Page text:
Nate Schierholtz is also an option, and he’s regarded as the most comfortable and skilled of all Giants outfielders in right field. He’s never been able to hit consistently enough to keep the starting role, unfortunately, but if he can up his hitting a little bit, his defense would make him a pretty good starter if something happens to Cody. He’s batting .260/.288/.400 in Spring Training, which is pretty underwhelming, but it’s not terrible, so he remains an option. Bochy also used Nate extensively in 2010 as a late-inning defensive replacement for Pat Burrell, so if Huff ends up starting most games as an outfielder, it’s conceivable we’d see a lot of Nate next year given Huff’s limited range in AT&T’s cavernous right field.
The other thing to consider involves Belt’s future contract, and the possibility of the club saving some clams in the years to come. The collective bargaining agreement for the MLB gives players certain privileges in their contract negotiations depending on their major league service time.
A player with three or more years of service, but less than six years, may file for salary arbitration. In addition, a player can be classified as a “Super Two” and be eligible for arbitration with less than three years of service. A player with at least two but less than three years of Major League service shall be eligible for salary arbitration if he has accumulated at least 86 days of service during the immediately preceding season and he ranks in the top 17 percent in total service in the class of Players who have at least two but less than three years of Major League service, however accumulated, but with at least 86 days of service accumulated during the immediately preceding season.
The way the contracts work is that players, even superstars, earn a pittance (by baseball standards) until they become eligible for salary arbitration. Therefore it’s in the club’s best interest to delay that as much as possible, while balancing their need to have the players on their team. The tricky part comes when a player has played more than two years in the majors, but less than three, because there’s a specific point at which you start rounding up instead of down, and if the manager can stay on the good side of that, it could potentially save millions of dollars by delaying a player’s salary arbitration by a year.
On the other hand, they added in the 17 percent clause in the above rule to prevent managers from stopping their players just before theÂ thresholdÂ and making it too easy; rather, there’s no way to know how many days the 17 percent will equal by the end, making it hard to estimate how much service time will qualify the player for arbitration after two years instead of three, aka a “Super Two” player. Very game theoretic, if you’re an econ nerd like me.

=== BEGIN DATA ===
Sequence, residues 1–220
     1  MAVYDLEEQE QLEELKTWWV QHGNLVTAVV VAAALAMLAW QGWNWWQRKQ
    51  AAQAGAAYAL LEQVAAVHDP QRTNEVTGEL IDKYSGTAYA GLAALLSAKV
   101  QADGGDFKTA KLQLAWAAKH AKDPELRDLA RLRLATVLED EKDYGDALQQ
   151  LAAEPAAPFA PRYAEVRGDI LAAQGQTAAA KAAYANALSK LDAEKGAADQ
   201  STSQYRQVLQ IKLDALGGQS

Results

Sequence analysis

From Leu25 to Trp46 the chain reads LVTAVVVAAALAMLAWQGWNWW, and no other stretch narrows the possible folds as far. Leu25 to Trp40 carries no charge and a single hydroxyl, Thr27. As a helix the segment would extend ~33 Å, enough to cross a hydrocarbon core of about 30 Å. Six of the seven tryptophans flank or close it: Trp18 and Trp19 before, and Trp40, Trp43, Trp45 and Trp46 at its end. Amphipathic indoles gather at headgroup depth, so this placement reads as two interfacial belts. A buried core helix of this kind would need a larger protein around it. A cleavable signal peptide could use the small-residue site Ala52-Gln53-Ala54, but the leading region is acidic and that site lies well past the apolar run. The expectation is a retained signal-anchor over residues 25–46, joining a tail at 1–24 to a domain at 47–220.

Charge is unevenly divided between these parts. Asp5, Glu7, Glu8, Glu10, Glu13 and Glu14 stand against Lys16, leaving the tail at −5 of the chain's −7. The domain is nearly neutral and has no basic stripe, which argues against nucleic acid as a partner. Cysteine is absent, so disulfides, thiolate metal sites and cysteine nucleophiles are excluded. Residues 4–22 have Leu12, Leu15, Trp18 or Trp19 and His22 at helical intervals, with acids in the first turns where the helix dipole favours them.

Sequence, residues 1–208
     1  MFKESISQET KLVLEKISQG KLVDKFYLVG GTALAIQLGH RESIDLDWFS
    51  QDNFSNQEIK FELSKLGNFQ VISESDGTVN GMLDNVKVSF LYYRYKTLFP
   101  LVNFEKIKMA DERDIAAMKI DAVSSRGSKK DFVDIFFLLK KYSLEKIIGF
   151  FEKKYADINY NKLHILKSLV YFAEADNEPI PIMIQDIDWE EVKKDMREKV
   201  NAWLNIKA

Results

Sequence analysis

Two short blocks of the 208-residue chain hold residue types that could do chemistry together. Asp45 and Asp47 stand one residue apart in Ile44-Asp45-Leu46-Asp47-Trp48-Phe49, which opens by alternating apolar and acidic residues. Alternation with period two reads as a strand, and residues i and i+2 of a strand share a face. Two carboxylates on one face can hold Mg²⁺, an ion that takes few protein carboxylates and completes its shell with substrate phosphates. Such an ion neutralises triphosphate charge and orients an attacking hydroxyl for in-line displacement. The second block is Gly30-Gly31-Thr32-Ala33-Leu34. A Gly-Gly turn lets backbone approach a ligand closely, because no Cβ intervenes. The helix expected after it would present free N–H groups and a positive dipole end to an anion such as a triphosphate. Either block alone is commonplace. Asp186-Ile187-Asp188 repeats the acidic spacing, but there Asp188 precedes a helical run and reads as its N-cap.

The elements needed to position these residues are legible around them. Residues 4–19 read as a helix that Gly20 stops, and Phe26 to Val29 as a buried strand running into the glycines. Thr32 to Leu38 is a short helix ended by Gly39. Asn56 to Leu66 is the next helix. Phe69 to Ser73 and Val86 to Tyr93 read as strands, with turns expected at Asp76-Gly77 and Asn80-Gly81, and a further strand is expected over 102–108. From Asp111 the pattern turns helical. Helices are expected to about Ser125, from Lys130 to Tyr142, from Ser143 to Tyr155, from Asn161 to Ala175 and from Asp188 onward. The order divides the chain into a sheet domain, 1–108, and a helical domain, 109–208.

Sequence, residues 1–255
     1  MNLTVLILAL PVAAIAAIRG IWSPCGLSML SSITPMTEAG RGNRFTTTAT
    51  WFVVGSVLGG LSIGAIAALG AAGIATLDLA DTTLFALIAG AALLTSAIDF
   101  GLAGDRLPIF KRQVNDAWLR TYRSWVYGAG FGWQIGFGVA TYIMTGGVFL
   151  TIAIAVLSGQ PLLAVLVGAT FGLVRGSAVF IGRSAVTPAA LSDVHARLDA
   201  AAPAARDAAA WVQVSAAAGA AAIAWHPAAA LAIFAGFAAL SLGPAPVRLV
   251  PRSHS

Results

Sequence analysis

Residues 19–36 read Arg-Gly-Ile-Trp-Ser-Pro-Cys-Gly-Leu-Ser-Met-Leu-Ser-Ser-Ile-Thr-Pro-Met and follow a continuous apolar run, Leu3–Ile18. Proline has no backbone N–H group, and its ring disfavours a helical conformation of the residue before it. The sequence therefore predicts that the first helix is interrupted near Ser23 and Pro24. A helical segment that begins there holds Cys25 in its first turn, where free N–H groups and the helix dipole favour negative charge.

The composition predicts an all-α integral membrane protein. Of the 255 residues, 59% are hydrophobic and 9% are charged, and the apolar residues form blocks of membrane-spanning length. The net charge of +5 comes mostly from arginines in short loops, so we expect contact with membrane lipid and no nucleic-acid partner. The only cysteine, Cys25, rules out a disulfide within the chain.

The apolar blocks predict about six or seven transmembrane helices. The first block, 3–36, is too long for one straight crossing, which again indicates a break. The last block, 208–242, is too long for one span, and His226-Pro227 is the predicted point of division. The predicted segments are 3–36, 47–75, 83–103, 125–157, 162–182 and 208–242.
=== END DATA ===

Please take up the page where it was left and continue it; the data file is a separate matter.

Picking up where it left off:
What this means in the real world is that there is a certain date at which the Giants can bring up Brandon Belt in 2011 and not have it count as his first “full” season; the only problem is that they don’t know just when that date is until all of the other teams bring up their rookies as well.
Complicated, but if Belt becomes a superstar and commands a multi-million dollar salary, especially if the same happens with Sandoval and Posey around the same time, we could end up paying through the nose to keep our young studs. If we can make it through the season without using Belt very much, it could pay off.
In summary, anything could happen. My personal vote is to see Belt start the season in AAA Fresno. The Giants conceivably have a better lineup than they did last year, particularly if Panda bounces back, Ross stays Babe-like, and Burrell keeps mashing, so he may not be necessary. Belt’s promotion would probably mean losing either Nate or Ishikawa, both of whom would be missed, so here’s hoping. Also, if we can space out the development of our superstars, we might be able to afford to keep a couple more as they all becomes prohibitively expensive, so we won’t see a huge hangover period after this surge of talent.
What do you think? Should Belt start the year in Fresno? In the majors? How do you see our defensive placement working out if he comes up? Comment your thoughts.